Traditionally all industries have relied upon skilled salespeople to bring in business. These sales have then been supported by either paper brochures or enhanced brochure-wear on websites. You will know however if you have ever completed any personality tests that different people respond better to different approaches. Some people are graphical and like to see figures, some people are audible and like to hear things, some people are visual and like to read things etc. So why then do we still only address a few of these when trying to increase our customer base? With the continual adoption of Web 2.0 products everyone should consider all types of people to gain extra market share and in addition to brochure-wear consider podcasts, online presentations, blogs, wikis etc.
With the turmoil which is currently being experienced in the financial services industry I spent some time this week seeing what Innovations the competition were offering in order to retain their current customers and attract more. Surprisingly it seems some of the major players have a product set which actually discourages potential customers. Here are two of the more memorable cases I found:
- One Institution was offering an internet savings account with a favourable rate of interest however surprisingly this cannot be operated stand alone and you must open a Cheque Account (In Branch of course) to fund the account, plus have a cashcard. When asked whether the card could be deselected the answer was no, just leave it in a drawer at home….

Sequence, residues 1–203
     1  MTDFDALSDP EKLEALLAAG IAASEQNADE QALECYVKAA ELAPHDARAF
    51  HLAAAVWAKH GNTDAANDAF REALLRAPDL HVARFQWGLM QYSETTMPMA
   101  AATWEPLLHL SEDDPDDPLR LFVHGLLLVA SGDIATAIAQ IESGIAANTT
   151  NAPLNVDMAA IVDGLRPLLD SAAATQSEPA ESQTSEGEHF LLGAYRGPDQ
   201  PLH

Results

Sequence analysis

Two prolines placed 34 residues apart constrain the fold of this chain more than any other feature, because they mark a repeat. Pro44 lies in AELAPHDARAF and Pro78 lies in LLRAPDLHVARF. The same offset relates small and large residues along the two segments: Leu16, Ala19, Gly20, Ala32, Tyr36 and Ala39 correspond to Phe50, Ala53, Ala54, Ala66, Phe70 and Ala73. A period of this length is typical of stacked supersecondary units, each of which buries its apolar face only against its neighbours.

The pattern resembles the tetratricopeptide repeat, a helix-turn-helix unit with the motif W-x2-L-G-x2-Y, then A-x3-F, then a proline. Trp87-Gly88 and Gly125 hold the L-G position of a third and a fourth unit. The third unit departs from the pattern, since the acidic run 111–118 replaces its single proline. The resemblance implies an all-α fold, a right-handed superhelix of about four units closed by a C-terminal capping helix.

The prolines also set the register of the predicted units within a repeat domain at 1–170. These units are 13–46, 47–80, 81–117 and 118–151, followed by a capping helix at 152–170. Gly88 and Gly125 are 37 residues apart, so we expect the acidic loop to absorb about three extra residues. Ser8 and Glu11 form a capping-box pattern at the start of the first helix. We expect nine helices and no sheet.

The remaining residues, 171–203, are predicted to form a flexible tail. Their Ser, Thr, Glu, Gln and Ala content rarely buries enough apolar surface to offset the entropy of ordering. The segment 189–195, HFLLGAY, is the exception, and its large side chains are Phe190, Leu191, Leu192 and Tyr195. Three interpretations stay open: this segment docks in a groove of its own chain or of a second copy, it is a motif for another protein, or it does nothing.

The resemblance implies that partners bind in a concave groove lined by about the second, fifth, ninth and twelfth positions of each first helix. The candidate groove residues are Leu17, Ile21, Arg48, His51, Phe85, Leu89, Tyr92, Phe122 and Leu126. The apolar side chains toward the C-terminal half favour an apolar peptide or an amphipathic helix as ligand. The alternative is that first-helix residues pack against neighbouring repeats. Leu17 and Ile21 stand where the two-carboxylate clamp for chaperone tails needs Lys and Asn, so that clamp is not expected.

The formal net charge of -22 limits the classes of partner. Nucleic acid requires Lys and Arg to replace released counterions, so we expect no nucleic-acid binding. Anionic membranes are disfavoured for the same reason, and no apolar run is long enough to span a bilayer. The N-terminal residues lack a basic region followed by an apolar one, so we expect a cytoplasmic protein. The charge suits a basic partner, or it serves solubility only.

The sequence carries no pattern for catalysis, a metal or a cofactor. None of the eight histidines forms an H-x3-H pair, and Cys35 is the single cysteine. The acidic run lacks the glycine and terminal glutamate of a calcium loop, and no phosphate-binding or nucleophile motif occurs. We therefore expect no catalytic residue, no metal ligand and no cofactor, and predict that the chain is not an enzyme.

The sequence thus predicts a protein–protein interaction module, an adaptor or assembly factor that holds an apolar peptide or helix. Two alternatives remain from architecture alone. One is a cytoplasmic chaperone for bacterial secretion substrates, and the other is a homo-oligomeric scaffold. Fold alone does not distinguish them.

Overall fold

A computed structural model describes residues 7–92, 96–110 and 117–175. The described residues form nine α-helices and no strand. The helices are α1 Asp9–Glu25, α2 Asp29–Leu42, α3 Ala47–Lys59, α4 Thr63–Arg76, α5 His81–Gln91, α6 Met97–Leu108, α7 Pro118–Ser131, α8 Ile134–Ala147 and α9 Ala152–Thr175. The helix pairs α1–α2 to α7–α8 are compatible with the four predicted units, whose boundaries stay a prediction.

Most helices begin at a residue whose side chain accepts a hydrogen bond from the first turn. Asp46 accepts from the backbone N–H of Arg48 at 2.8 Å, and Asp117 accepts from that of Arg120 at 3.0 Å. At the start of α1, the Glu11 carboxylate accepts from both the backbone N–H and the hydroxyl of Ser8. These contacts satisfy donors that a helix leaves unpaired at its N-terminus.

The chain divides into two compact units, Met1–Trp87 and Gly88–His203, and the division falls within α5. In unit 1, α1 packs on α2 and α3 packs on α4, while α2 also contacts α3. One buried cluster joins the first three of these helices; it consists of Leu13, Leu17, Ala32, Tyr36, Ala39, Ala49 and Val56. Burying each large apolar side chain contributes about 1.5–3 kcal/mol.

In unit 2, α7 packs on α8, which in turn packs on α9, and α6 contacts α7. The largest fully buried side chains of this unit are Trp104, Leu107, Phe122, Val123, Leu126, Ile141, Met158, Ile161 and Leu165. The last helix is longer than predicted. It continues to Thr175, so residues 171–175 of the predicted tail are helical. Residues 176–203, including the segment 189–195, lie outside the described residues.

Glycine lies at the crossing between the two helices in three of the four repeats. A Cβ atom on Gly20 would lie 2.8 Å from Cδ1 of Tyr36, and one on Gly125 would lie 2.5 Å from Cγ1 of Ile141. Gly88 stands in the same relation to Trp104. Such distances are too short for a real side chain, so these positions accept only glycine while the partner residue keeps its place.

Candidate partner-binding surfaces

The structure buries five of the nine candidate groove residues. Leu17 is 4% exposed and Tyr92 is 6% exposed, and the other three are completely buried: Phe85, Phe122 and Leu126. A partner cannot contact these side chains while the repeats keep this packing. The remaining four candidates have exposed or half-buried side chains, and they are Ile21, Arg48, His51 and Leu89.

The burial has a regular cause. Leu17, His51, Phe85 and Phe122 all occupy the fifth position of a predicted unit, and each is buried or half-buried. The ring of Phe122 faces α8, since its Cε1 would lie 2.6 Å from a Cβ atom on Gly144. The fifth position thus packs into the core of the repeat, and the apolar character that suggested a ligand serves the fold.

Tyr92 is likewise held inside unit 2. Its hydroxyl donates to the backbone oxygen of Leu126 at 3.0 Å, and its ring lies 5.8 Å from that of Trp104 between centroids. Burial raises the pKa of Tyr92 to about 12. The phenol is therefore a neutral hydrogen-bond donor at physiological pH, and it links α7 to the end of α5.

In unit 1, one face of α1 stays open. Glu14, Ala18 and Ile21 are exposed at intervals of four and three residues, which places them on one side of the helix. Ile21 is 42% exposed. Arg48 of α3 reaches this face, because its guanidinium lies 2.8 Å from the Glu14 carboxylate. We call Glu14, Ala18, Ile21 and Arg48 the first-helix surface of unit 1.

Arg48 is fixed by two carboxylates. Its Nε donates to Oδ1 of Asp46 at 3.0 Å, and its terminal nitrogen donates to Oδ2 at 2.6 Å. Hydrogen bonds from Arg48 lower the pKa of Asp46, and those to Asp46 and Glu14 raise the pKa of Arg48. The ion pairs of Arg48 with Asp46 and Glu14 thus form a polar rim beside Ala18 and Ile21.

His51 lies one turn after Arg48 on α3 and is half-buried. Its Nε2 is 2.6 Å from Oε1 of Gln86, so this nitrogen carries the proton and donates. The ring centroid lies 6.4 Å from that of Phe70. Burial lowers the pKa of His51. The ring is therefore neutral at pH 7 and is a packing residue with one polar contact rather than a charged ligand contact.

- Another Institution who was also offering a very competitive savings rate which surprisingly is only being offered in branch, informed me that to discuss it further I needed to make and appointment and they would offer me one in 10 DAYS…
As consumers realise they are part of a Global Market and have the option to shop around via the Internet and engage with any organisation around the world the short-sightedness of some companies is unacceptable and with the proliferation of new technologies and the rise of Generation C will see their market share slowly diminish.
Financial institutions can no longer assume it is their way or the highway and Product Management will become a key factor in attracting and retaining your customer base.
I am currently attending a conference in Chester (UK) this week and was lucky enough to stay at the Oddfellows Hotel the night before transferring to the conference venue. This started me thinking about Premiumisation in the Innovation Space. Usually when travelling I stay in the standard Business Hotel with all of the standard features which we all now expect, however as competition increases how long will it be before we all demand Premiumisation or Boutique Services. The Oddfellows Hotel although being of standard price it was in no way standard and far exceeded my expectations. The restaurant was 5 star, there were only four rooms in the rafters of the building which all had a different theme, and the rest of the Building was impeccably designed. Should I ever return to Chester this will be my first choice.